Normally when you can’t charge your cell phone, it’s because you forgot your charger or other travelers already claimed all the outlets at the airport. But 18 percent of the world’s population has no or unreliable electricity, according to the International Energy Agency.
In an effort to help give people more access, Panasonic developed the eneloop solar storage, a power-storage system that powers LED lights and small devices like cell phones in areas — such as regions of Asia and Africa — where electricity is scarce. These are exactly the places Panasonic plans to ship the device, starting in November, with Ethiopia, Tanzania, Indonesia, Thailand, Myanmar, and other countries on the list of countries Panasonic expects to target. Right now, many households in these regions use kerosene lamps for nighttime lighting, which are expensive to use (often taking up 30 percent of a family’s income), hazardous, and a source of dangerous fumes.
When it’s sunny, solar cells generate power, which is then stored in a nickel-metal hydride battery unit. Families can then draw on the power at night for lighting or other electronics, like TVs or heaters. It should take the battery five hours to go from depleted to fully charged on a sunny day. The eneloop also has a USB slot for phones. The dust- and rain-resistant device also has two types of LED lamps, a 1.5-watt bulb, and a 5-watt straight tube, and is expected to last five years.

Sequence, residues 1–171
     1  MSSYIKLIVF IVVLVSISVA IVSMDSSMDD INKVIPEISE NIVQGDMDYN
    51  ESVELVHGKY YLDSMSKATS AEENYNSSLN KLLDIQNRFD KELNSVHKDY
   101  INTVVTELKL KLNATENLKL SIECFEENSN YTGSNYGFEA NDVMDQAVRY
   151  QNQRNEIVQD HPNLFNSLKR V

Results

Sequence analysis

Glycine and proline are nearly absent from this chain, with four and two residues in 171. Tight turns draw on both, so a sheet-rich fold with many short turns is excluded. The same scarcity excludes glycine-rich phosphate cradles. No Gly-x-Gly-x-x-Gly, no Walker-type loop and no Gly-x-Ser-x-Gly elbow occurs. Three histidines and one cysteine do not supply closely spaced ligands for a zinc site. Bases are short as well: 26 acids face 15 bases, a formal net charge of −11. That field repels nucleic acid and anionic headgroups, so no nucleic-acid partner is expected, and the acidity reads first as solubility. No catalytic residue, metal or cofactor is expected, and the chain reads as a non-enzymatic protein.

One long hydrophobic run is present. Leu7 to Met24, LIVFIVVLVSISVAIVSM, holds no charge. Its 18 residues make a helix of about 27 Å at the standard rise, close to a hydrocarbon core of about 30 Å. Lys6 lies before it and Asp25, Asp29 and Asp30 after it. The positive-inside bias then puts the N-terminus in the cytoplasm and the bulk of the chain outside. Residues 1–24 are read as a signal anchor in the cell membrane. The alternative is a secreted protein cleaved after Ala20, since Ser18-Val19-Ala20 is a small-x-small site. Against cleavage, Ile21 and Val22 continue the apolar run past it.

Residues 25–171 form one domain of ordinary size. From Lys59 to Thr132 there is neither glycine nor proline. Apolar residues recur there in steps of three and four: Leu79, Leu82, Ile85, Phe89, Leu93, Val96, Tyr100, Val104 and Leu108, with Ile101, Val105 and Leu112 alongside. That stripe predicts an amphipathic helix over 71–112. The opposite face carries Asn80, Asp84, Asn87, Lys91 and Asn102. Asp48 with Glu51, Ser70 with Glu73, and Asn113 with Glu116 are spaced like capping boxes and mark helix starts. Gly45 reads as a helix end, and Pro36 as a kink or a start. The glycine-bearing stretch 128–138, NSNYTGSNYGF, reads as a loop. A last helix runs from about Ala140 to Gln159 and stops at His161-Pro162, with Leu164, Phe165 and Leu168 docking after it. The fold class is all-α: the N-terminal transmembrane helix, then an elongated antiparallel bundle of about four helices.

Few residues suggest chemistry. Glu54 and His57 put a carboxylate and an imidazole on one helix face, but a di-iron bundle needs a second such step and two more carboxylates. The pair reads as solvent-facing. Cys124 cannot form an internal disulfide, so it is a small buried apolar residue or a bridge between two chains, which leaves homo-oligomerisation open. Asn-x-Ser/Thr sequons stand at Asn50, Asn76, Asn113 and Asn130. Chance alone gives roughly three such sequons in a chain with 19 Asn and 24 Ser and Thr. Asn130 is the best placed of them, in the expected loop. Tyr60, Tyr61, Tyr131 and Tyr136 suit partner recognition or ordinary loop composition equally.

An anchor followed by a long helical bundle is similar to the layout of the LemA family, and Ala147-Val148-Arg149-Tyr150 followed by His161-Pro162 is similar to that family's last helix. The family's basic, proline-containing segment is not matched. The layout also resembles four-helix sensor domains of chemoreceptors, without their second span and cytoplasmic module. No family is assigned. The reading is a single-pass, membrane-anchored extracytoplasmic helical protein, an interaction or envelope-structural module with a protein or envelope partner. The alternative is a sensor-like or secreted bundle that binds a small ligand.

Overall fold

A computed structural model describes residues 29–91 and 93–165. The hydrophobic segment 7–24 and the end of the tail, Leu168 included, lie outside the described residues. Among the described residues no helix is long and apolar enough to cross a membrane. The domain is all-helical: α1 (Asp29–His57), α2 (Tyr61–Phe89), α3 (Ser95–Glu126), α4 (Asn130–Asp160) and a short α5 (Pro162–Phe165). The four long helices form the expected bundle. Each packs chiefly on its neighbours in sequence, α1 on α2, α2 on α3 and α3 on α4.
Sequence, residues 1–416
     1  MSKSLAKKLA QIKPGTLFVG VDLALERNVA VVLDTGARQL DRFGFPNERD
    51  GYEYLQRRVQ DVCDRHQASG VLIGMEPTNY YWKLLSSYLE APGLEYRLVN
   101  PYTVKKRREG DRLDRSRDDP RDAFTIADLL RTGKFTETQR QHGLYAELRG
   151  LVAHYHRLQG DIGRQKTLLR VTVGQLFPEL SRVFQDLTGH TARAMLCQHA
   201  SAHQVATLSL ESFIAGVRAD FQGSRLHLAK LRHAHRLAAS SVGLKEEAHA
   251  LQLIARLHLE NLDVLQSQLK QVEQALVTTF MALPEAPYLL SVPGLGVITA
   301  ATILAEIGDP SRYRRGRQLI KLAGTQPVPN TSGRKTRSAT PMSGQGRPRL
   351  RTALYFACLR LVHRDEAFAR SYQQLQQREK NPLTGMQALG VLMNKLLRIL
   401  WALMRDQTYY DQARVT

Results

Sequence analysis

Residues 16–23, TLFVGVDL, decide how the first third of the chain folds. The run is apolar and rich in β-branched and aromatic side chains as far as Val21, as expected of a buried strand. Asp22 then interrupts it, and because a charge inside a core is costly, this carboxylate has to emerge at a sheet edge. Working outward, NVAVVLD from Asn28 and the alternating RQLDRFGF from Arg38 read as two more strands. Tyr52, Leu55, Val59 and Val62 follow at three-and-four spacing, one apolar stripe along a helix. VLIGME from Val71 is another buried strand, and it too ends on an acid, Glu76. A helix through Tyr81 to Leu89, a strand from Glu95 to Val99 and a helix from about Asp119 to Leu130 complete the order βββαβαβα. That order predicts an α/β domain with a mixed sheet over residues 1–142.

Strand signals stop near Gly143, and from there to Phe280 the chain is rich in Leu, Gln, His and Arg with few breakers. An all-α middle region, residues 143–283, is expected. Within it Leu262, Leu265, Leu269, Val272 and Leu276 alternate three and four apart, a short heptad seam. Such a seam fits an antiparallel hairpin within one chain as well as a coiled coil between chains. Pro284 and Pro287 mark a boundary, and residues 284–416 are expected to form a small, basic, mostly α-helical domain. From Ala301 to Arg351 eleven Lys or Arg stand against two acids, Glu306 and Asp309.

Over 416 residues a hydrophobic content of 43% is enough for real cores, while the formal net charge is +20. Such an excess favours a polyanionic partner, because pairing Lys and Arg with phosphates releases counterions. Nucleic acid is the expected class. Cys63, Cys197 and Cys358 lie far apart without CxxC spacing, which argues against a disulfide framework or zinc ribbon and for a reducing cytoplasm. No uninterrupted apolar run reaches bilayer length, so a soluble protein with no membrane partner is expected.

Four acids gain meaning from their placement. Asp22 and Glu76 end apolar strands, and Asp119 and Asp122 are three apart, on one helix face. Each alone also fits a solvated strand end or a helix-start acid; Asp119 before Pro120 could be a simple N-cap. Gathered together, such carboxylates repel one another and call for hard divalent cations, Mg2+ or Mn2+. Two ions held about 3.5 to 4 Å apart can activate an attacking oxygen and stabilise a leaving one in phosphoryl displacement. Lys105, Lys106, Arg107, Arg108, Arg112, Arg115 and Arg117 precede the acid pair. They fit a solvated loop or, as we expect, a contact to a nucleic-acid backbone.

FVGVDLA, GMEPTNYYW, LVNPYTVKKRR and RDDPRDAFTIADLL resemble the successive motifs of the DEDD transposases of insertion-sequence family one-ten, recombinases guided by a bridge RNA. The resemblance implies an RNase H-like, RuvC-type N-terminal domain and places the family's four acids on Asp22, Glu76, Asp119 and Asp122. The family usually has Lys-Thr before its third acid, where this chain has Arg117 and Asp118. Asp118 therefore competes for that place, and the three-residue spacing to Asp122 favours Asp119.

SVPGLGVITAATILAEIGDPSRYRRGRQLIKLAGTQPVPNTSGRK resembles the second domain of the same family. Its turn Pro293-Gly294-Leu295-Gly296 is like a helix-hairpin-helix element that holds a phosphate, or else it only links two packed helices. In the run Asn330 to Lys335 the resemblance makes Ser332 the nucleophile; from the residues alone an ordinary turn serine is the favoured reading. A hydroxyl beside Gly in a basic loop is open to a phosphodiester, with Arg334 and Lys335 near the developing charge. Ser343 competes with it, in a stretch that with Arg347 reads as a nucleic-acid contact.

To get the device into the hands of people who need it, the eneloop will be marketed through existing sales dealers, as well as NPOs and NGOs that specialize in bringing electricity to those living without it. It’s targeted not only at homes but at hospitals, schools, and stores as well.
- Nissan is using old Leaf batteries to power and connect off-the-grid campers
- There’s a new lab-grown meat startup on the block — and it has a secret weapon
- Still have money in your Flexible Spending Account? Head to the FSA online store
- Goal Zero Yeti Tank and Yeti Link expand home power storage options
- Volkswagen previews a quick-charging mobile power bank for electric cars